yet another list

The other morning I made applesauce pancakes, and for some reason, the smell overwhelmed me with a powerful sense memory of my Granny's kitchen. She never made apple pancakes that I can remember, but there you are.

So here are some things I remember about my Granny. I should have written these down long before now, but at least I'm getting to it before they fade completely.

She was born Nellie Irene Herrington, and married James Wilfred Haynie. I don't know how old she was when they married, but I do know she had only an eighth grade education. I saw a letter she typed to my mom once; it was badly misspelled and the lines were not even, as if she were having trouble with the typewriter carriage. I was only nine or ten years old when I saw that letter, and I did not then understand why it made me want to cry.

She was a genius seamstress; she could see a dress in a shop window one time and then go home and replicate the garment on her sewing machine.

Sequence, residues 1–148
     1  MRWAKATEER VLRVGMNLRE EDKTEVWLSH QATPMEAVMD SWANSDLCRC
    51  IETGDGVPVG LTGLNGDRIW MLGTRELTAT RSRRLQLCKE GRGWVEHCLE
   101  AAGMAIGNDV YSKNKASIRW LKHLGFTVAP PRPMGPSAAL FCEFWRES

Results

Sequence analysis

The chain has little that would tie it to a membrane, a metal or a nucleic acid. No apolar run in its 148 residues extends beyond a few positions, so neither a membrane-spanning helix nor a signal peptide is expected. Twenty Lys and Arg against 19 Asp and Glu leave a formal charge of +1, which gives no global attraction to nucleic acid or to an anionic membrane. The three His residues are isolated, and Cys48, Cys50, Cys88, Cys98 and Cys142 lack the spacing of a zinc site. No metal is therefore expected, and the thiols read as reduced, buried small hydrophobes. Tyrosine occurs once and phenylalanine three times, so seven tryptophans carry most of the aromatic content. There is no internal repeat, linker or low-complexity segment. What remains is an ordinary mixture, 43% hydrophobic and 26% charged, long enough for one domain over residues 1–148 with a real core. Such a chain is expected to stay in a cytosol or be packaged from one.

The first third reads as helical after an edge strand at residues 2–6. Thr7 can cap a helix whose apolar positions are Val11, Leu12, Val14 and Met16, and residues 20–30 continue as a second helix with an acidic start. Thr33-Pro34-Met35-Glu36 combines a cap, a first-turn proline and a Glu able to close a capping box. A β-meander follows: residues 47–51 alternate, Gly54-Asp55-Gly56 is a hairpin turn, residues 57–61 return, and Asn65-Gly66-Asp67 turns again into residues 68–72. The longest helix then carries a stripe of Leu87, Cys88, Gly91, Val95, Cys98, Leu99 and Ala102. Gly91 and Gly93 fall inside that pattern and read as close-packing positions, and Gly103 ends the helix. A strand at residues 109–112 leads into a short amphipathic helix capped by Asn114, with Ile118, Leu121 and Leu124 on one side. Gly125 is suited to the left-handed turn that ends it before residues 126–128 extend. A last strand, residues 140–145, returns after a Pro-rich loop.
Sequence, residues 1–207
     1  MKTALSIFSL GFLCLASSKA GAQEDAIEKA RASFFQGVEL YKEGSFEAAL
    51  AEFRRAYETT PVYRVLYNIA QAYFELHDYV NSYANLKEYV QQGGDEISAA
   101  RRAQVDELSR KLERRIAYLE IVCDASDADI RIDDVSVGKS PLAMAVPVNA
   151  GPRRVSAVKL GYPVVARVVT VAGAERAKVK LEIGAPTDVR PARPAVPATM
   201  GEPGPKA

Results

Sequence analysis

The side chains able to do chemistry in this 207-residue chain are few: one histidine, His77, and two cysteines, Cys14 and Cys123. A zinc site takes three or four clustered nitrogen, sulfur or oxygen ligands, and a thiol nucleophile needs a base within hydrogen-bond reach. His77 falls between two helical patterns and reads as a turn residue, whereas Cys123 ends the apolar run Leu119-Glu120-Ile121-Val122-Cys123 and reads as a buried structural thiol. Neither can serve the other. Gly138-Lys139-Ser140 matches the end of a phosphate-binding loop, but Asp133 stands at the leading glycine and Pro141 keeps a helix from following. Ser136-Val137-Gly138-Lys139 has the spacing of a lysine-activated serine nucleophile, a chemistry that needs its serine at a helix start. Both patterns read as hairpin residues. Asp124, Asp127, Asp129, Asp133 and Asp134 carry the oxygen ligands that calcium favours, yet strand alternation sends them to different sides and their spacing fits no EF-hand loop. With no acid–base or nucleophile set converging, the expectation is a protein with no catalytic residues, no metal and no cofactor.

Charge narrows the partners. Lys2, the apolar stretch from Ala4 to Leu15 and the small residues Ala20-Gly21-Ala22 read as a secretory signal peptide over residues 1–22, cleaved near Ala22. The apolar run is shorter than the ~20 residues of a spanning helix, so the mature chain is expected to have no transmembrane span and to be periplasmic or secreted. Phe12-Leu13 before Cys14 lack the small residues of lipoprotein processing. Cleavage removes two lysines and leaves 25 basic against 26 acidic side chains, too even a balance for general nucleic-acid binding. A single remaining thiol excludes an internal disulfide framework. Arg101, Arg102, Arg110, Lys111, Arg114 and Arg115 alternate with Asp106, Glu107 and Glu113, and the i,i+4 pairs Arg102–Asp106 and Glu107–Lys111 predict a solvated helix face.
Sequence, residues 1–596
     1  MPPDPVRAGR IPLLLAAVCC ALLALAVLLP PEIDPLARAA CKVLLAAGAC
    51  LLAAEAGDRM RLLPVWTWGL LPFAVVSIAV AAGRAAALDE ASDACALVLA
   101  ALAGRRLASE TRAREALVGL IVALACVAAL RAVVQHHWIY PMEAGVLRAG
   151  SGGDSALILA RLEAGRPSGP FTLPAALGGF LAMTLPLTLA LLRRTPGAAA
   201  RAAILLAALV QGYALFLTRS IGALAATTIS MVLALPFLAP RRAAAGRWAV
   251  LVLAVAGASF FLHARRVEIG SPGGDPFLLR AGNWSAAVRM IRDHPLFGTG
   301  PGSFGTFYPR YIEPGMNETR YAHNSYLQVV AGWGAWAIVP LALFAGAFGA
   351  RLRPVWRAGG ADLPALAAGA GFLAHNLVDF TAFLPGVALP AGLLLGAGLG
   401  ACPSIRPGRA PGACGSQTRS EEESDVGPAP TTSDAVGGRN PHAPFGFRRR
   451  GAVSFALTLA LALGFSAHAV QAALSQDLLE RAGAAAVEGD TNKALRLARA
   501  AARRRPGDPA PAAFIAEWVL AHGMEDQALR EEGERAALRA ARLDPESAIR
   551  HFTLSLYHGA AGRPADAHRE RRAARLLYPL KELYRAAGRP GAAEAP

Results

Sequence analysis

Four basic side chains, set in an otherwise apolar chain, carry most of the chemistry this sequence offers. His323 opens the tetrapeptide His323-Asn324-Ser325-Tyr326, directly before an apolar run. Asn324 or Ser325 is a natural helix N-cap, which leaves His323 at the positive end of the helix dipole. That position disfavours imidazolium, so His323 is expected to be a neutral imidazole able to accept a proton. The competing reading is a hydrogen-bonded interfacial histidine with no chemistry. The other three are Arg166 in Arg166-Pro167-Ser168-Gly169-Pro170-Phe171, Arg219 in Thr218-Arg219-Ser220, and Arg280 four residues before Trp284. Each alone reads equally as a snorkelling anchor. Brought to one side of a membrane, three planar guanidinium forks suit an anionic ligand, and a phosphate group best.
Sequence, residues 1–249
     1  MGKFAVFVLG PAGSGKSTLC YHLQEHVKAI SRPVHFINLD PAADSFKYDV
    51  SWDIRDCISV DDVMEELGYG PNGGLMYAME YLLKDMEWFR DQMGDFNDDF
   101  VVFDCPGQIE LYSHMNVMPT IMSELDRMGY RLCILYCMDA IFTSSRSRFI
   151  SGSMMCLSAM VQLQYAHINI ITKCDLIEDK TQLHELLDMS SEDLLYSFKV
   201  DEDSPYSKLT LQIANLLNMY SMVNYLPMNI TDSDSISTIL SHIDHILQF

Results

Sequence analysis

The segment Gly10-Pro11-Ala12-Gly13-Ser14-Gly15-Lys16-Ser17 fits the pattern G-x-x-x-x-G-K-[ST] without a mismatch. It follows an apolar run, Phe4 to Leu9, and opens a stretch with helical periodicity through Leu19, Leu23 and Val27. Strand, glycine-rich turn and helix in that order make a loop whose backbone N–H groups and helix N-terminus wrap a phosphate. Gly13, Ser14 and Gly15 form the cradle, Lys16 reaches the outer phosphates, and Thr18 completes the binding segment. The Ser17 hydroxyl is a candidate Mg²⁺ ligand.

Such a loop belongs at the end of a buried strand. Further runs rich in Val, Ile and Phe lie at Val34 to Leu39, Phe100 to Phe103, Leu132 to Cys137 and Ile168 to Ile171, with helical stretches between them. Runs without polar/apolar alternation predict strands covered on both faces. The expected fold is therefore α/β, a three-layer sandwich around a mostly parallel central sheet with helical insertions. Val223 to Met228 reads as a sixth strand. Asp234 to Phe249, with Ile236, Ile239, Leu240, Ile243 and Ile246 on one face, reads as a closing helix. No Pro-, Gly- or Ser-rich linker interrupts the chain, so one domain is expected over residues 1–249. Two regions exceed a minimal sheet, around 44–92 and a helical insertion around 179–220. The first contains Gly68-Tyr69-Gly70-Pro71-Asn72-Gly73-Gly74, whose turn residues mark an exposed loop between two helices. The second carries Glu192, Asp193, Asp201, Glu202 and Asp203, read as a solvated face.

She loved to play Yahtzee.

She lost most of her teeth fairly early and wore false ones; my mom says that whenever my grampa spotted a cloud of dust above their long dirt driveway, he'd holler, "Comp'ny's comin', Nellie, put your teeth in!"

She spent some time in a mental hospital when my mom was small; other members of the family think she had some native weaknesses that led to the nervous breakdown, while my mother holds other, darker theories which I will not go into here.

She did not use any hair color, but her hair was shoe-black until just before she died.

She was soft and warm and sweet in an archetypically grandmother way.

She died in May of 1995. I was 18 years old, and selfish and self-absorbed, and what I remember about my last visit with her in the hospital is that I didn't stay in her room the whole time, but left for at least part of the time and wandered around-- not because the sadness was too overwhelming for me but because I was oblivious and, God forgive me, bored.

She was smart and funny and kind and tenderhearted and strong. She endured poverty and a relatively early widowhood and a life that was never easy. I am so sorry she died before I had the sense to appreciate her.

She wore lots of polyester blouses with large floral prints. They were so ugly, but to this day when I see an elderly lady wearing something like that, I want to hug her. And rest my head on her shoulder and breathe in her scent and say, "I miss you."

I miss you.

I miss you.

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